The Bears have a need to upgrade the offensive line and three mock drafts found players there with flexible skill sets.
In the end, the unsettled situation on the Bears offensive line could play a big part in who they draft.
At least with some of the most recent mock drafts released it seems this way. CBS Sports' Josh Edwards and NFL.com's Cynthia Frelund released mock drafts and both came up with the same player for the Bears and basically for the same reason.
They can't go wrong by drafting Northwestern's Peter Skoronski because he's the best blocker and they need blocking. The fact his arms are short compared to many tackles doesn't deter them because, they think if he does need to become a guard then he can be moved. If not, then he handles tackle.
"My math suggests to build with Skoronski as a tackle and adjust accordingly to net the most wins," Frelund wrote.
Edwards was a bit more blunt about the state of the Bears linemen and found Skoronski's ability to be either tackle or guard an asset.
"Chicago needs to upgrade its interior offensive line as well as right tackle. Peter Skoronski has positional flexibility," Edwards wrote.
An interesting aspect of the Edwards mock is the Bears are so committed to fixing the offensive line that despite being the team with the fewest sacks in the league they took Skoronski after Tyree Wilson went to Atlanta and right before edge rushers Nolan Smith, Lukas Van Ness and Myles Murphy went in succession.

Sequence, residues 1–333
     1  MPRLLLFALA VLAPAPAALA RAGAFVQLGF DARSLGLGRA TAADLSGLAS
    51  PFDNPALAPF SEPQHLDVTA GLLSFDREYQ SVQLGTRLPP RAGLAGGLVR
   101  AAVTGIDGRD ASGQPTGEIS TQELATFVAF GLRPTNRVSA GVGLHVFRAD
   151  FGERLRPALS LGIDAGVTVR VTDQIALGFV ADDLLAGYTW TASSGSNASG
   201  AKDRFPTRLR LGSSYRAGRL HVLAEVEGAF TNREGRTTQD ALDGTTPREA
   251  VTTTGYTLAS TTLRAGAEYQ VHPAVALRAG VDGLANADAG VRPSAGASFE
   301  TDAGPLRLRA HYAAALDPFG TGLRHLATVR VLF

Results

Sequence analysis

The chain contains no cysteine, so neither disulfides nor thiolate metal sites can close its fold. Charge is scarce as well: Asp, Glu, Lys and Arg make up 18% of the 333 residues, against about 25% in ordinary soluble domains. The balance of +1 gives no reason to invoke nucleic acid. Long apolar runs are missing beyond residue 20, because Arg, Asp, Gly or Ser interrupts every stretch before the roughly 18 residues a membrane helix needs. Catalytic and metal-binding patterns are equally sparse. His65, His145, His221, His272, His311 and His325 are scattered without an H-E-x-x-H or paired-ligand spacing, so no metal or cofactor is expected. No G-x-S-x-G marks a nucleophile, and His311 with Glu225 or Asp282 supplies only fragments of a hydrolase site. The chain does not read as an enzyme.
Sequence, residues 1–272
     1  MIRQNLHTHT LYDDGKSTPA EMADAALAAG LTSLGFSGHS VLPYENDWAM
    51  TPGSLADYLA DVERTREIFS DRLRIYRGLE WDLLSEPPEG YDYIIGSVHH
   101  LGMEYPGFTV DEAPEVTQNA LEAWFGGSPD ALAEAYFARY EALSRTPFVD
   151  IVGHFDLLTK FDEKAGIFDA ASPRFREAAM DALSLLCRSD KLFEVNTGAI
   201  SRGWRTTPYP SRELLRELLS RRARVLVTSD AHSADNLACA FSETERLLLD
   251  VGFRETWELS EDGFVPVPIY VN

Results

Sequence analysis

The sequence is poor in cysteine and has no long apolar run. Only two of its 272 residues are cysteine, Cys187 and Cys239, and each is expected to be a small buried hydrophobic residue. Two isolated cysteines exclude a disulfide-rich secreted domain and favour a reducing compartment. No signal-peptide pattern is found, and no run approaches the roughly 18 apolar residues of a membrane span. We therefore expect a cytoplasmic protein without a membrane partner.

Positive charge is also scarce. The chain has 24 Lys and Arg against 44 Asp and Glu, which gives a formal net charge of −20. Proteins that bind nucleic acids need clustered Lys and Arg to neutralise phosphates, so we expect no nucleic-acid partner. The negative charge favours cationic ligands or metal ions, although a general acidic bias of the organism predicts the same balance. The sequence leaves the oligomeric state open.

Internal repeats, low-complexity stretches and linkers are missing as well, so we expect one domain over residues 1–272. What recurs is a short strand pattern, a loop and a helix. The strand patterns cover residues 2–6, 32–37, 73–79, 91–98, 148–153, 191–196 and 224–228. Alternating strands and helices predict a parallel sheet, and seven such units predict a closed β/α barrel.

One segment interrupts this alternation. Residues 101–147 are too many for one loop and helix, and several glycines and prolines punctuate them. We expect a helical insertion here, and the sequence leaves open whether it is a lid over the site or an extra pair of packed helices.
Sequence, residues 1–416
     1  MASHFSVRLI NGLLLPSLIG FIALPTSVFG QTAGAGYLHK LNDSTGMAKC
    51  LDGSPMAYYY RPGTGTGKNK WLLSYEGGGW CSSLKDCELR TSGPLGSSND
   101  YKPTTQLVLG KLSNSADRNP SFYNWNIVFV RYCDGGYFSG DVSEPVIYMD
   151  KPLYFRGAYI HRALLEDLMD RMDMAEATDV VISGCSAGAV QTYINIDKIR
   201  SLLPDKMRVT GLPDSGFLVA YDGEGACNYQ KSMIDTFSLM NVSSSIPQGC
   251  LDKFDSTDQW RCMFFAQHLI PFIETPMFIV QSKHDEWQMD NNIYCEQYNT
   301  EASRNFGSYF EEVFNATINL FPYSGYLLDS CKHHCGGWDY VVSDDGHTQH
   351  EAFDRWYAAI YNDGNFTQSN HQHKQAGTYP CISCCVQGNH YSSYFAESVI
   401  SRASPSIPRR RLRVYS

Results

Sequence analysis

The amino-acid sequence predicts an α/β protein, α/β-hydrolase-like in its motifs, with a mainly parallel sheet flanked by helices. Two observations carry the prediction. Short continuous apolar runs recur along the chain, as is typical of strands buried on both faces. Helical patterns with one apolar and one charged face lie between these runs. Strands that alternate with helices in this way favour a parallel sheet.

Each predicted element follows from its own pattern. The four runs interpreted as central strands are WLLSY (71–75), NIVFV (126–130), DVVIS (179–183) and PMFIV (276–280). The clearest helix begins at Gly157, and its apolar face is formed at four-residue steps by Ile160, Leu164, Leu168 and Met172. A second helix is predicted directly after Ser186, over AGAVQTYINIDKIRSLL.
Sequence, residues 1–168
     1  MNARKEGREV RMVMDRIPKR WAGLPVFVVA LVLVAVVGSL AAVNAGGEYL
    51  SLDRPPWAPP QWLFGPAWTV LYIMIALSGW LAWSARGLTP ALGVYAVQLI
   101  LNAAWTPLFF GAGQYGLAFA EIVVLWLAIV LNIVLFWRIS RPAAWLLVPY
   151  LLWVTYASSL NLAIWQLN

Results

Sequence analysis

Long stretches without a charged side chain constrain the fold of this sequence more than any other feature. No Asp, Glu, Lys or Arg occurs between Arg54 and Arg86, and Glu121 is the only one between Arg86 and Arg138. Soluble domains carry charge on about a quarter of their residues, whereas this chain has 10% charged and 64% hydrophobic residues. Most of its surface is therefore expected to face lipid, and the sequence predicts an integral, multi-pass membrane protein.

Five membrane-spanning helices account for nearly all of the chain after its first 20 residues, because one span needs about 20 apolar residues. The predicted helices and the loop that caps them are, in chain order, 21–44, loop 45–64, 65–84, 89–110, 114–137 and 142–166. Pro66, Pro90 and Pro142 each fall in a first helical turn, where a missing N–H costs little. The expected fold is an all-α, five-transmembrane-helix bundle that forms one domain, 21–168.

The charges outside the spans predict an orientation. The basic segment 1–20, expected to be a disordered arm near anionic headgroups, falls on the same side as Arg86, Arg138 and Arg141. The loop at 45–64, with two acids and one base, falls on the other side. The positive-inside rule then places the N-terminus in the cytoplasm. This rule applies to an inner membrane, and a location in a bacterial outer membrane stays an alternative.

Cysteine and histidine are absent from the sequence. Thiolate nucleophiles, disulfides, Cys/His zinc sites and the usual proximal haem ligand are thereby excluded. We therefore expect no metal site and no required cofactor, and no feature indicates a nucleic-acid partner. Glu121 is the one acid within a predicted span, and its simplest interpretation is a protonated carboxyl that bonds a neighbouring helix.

Edwards' mock does pursue the defensive help for the Bears after Round 1, landing B.J. Ojulari (aren't there enough new Bears already using their initials instead of their names?) at No. 53, the LSU edge rusher whose brother Azeez plays for the Giants.
With the last two picks, Edwards found the Bears two players they probably couldn't use.
He also found them a defensive tackle at No. 64 in Round 3, but not one they would likely take. It was Siaki Ika, the massive, 358-pound Baylor tackle who would be fine for a three-man front like they used to use but not the speed-based approach with a gap-shooting four-man line they now have.
And he had one other interesting pick with No. 61.
Apparently not satisified that D'Onta Foreman and Khalil Herbert are the answer to the post-David Montgomery era, Edwards has them draft a second-round running back who is more of a third-down type for the NFL, Texas A&M's Devon Achane.
At 5-9, 188, Achane is not lining up deep and smashing any defense so it seems an overreach in Round 2, but he did a spectacular job of returning kicks. If they could teach him to return punts it might be a better option.
One other mock draft this week did not agree with the first-round choice, although the position was the same. Sports Illustrated's Kevin Hanson conducted mock 5.0 and had the Bears take Ohio State tackle Paris Johnson Jr., who is the consensus mock choice for the Bears currently at 37% of mocks gathered by Mockdraftdatabase.com
"Johnson is ideally suited to play left tackle, given his combination of size, length and athleticism, but he started at both right guard ('21) and left tackle ('22) for Ohio State," Hanson wrote.
Again, it might be a different player, but the versatility for that offensive line is key.
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